Written evidence submitted by Ms Dawn Hayes [GRA1686]

 

Question: Will the Government’s proposed changes meet its aim of making the 
process “kinder and more straight forward”?

It's a start. It's a small help in the long road to recognition. It is 
nowhere near everything we want or need. It it not enough.


Question: Should a fee for obtaining a Gender Recognition Certificate be 
removed or retained? Are there other financial burdens on applicants that 
could be removed or retained?

If a fee *must* be charged, it should be a administrative amount only. This 
is people's lives you are charging for


Question: Should the requirement for a diagnosis of gender dysphoria be 
removed?

Yes, as not everyone gets or feels dysphoria. Many only know it due to 
gender euphoria (Joy at being recognised as the right gender) The diagnosis 
of dysphoria is overly clinical and is dependant on having a trans friendly 
GIC doctor and trans friendly GP, and any other factors. Any one of them 
could play the bad faith actor and block a diagnosis purely because they 
want to if ti suited their wants.


Question: Should there be changes to the requirement for individuals to 
have lived in their acquired gender for at least two years?

Yes. I am living and attempting to exist as a woman. I do not "pass" and I 
cannot do so publically for long as, given the climate of anti-trans 
activism that the Minister for Women, many forms of print media and 
several "celebrities" have supported, transpeople have a very hard time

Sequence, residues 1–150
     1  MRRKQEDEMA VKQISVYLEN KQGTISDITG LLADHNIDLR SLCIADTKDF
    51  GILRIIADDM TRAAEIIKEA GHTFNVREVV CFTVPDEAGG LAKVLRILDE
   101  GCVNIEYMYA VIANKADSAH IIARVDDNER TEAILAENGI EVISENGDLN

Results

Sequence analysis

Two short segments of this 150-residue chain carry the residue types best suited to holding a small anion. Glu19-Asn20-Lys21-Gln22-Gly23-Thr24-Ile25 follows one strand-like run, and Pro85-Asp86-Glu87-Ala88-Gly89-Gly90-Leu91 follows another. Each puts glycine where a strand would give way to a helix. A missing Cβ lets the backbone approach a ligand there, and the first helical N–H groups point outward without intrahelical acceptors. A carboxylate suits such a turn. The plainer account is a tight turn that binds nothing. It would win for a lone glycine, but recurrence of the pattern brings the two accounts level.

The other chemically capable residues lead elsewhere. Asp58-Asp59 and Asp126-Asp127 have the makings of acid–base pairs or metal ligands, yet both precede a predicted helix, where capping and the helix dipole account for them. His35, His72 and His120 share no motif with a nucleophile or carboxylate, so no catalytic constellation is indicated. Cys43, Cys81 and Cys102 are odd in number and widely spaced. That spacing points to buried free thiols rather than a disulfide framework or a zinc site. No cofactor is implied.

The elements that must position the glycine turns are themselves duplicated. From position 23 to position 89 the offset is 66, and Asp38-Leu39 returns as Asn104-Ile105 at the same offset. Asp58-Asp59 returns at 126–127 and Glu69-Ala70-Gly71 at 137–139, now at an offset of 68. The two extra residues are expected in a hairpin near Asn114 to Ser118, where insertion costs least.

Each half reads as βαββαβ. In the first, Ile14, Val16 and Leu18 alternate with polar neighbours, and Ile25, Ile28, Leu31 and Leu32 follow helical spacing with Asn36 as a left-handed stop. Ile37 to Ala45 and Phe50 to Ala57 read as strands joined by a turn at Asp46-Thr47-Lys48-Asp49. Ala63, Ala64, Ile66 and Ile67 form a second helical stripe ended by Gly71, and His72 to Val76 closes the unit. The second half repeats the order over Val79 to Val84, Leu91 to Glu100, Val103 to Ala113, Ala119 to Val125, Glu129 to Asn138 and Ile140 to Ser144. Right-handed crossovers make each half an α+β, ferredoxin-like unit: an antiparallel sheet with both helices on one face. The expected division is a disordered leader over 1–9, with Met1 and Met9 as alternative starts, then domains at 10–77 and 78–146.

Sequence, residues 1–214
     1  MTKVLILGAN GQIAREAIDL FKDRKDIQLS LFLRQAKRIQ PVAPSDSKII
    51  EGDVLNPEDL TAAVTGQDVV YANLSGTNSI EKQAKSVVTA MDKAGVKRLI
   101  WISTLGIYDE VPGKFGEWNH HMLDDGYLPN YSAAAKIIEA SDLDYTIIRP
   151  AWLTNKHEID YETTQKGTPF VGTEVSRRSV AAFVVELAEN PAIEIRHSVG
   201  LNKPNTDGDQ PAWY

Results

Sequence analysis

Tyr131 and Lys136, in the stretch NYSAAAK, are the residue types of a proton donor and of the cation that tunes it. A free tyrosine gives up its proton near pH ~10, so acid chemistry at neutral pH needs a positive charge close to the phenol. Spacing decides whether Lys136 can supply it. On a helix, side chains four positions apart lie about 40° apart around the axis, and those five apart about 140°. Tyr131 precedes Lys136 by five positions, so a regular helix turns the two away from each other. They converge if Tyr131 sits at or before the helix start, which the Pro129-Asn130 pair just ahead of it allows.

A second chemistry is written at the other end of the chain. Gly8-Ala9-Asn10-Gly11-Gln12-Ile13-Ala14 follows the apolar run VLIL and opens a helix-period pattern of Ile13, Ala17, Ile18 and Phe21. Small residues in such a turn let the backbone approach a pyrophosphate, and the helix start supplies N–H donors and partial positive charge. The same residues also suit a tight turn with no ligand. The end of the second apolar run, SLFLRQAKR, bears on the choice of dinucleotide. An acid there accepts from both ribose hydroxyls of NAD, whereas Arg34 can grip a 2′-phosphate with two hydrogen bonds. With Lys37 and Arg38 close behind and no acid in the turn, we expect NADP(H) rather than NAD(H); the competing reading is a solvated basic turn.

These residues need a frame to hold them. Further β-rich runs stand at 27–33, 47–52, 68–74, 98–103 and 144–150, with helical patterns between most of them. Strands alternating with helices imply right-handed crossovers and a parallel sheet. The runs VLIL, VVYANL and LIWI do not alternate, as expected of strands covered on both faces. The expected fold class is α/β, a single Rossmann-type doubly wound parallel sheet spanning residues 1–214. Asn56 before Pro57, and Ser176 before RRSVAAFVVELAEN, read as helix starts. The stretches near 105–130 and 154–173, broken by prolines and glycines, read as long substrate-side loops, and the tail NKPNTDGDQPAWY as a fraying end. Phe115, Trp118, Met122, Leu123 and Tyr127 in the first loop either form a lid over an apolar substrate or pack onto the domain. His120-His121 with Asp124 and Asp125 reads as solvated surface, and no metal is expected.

existing.
Who decides when the 2 years begins? Who decides what counts as "living as 
acquired gender"? My gender is not acquired. My gender is who I have always 
been secretly, unknowingly, hidden.


Question: What is your view of the statutory declaration and should any 
changes have been made to it?

A Stat declaration is time, and effort to put on a show so a nameless panel 
can judge if you are "other gender" enough to be considered that gender 
forever.
These are people who do not know you, cannot know you, who cannot be 
identified, and can only go off paperwork to decide. Again, the chances of 
bias from them are high.


Question: Does the spousal consent provision in the Act need reforming? If 
so, how? If it needs reforming or removal, is anything else needed to 
protect any rights of the spouse or civil partner?

Yes, yes they should. A trans person's life is their own, this veto could 
effective make a person beholden to another if the spouse is unsupportive. 
It's yet another person who needs to be on side before a trans person 
can "complete" and be recognised as who they are.


Question: Should the age limit at which people can apply for a GRC be 
lowered?

16 is the age of consent, so that would line up as the natural default age, 
however that also would require that laws be altered to grant ability to 
self determine with out overrule from parents/guardians.


Question: What impact will these changes have on those people applying for 
a GRC, and on trans people more generally?

They're a start. They might help in small amounts. Putting it all online, 
while making it more a data security issue would remove a lot of the 
in-person faceless panel fears, but turn them to entirely anonymous 
faceless person fears.
The fee reduction is helpful, make it a nominal value if anything is needed 
as trans folk are more likely to be unemaployed due to transitioning and 
transpohobic employers.
The new GIC will help as currently the NHS and the givernment are in 
serious breech of waiting list guidelines for first appointment and follow 
ups with transfolk, and that's even nowithstanding the wait list and hoop 
jumping required to get to medical and surgical intervention should that be 
wanted by the trans person


Question: What else should the Government have included in its proposals, 
if anything?

Yes, non binary folk need the same rights. They are caught in the same bind 
binary trans folk are and have even less recognition than binary transfolk 
do.